The Senate agreed unanimously Friday to impose strict new limits on free meals, expense-paid trips and other gifts to its members and staff, reluctantly sacrificing its free lunch on the altar of political prudence.
Responding to public anger over reports of their lavish entertainment by special interests, senators agreed to limit individual gifts to $50 and put a $100 annual ceiling on multiple gifts of more than $10 each from a single source.
They also banned free vacation trips, including expense-paid travel and lodging for the tennis, golf and ski outings that are conducted both to raise money for charity and to bring lawmakers into contact with lobbyists and corporate officials in plush and cozy settings.
In addition, lobbyists would be banned from giving to senators’ legal defense funds, retreats or designated charities.
At one point, the Senate voted to gut one of the major provisions but, faced with the prospect of angry denunciations by leaders of the rules overhaul effort, it reversed itself and got back on the reform road.
In voting 98 to 0 to enact the new rules, the Senate “took a giant step” in addressing the “lack of credibility out there … that undermines confidence in Congress,” said Sen. John McCain, R-Ariz., who helped broker the final deal.
“Maybe it’s not a home run, but I think the Senate hit a triple here today and that’s progress,” said Sen. Carl M. Levin, D-Mich., who with Sen. William S. Cohen, R-Maine, had co-sponsored stronger restrictions.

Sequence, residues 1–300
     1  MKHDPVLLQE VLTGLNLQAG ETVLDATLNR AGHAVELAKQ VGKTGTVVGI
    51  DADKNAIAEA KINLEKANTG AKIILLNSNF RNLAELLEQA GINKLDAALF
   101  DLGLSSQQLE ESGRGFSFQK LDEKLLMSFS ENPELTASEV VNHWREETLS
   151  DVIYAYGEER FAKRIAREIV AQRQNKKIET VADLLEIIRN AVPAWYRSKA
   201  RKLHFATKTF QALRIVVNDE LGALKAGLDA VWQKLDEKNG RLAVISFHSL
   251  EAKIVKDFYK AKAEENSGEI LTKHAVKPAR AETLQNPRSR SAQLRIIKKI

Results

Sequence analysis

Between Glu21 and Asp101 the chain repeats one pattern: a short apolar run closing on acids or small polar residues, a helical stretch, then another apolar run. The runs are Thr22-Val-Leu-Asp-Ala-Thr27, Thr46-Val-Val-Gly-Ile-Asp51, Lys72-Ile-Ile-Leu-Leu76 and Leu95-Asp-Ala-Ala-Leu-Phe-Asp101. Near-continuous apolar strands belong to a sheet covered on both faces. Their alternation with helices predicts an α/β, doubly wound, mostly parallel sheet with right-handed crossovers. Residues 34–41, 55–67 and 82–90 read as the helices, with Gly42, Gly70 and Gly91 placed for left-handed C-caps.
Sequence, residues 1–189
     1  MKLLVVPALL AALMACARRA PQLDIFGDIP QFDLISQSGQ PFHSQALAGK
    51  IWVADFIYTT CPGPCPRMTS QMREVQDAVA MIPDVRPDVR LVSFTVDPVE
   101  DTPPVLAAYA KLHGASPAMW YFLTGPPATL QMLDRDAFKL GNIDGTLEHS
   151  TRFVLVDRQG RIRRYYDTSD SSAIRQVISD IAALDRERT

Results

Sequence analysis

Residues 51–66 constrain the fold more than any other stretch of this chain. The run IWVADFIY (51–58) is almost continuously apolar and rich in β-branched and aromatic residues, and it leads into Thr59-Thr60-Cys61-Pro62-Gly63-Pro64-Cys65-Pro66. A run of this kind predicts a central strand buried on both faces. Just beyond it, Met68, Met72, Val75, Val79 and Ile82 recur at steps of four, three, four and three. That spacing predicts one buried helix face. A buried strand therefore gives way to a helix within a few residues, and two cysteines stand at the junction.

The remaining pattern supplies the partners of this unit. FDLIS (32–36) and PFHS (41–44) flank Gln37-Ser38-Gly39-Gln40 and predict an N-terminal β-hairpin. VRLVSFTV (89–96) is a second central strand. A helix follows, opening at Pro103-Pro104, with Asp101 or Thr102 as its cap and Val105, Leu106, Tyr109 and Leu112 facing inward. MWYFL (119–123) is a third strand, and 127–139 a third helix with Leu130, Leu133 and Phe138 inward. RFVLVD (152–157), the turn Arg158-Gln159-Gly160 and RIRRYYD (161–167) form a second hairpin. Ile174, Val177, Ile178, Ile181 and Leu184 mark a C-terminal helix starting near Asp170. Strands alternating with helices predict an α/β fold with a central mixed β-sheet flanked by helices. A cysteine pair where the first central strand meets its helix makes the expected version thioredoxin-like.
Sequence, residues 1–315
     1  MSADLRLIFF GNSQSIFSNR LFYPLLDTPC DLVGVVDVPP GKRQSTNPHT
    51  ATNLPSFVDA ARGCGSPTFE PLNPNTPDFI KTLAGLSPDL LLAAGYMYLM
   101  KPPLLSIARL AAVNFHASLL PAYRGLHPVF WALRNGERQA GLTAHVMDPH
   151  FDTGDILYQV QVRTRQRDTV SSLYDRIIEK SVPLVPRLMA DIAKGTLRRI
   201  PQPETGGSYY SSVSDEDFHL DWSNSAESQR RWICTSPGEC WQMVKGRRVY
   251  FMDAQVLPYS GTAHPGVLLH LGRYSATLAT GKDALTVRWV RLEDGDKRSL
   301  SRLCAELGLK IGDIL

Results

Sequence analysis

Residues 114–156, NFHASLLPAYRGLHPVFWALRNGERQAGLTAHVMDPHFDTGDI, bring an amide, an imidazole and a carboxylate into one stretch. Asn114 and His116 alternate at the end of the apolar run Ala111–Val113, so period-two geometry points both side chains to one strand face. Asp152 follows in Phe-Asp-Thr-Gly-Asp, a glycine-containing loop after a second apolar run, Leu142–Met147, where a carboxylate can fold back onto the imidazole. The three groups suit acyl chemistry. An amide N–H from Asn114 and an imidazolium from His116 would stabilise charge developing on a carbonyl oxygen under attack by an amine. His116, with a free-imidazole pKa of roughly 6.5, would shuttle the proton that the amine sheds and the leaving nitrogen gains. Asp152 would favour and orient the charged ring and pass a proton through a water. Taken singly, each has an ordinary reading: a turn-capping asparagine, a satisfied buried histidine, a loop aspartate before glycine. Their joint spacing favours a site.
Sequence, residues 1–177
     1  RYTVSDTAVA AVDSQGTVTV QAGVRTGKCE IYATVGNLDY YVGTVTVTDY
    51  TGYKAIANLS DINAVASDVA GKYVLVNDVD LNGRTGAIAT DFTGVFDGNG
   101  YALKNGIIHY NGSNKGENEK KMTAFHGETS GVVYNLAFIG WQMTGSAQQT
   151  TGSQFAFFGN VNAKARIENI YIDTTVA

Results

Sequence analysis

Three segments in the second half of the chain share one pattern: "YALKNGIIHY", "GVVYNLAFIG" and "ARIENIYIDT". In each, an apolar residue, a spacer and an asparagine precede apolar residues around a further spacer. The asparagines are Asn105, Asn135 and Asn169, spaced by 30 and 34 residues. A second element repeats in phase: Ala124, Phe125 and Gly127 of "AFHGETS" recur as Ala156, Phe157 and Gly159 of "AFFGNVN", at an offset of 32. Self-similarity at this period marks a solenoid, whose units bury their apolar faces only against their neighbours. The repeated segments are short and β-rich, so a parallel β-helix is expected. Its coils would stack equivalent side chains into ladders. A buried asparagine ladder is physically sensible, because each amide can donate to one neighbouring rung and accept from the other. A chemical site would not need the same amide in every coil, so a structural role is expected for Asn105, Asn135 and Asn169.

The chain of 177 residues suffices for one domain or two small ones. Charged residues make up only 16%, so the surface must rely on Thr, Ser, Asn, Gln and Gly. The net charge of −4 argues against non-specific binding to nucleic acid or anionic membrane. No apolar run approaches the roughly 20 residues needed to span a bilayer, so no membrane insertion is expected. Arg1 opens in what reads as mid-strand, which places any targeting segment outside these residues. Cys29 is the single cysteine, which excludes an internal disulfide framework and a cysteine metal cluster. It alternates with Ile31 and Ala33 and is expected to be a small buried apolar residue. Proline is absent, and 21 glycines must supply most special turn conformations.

Although he supported amendments to weaken the measure, Senate Majority Leader Robert J. Dole, R-Kan., said it was “a good bill … one we can be proud of.” It was “one issue we wanted to get behind us,” he added. “It’s always more difficult when it affects us.”
The new rules, which will take effect in January, apply only to the Senate. House GOP leaders have indicated they probably will not take action on gift rules this year.
The rules represent a significant tightening of existing gift restrictions, under which House and Senate members may accept unlimited gifts of $100 or less, with no limits on meals.
They may accept no more than $250 a year from one source, but only gifts of more than $100 are counted toward that total.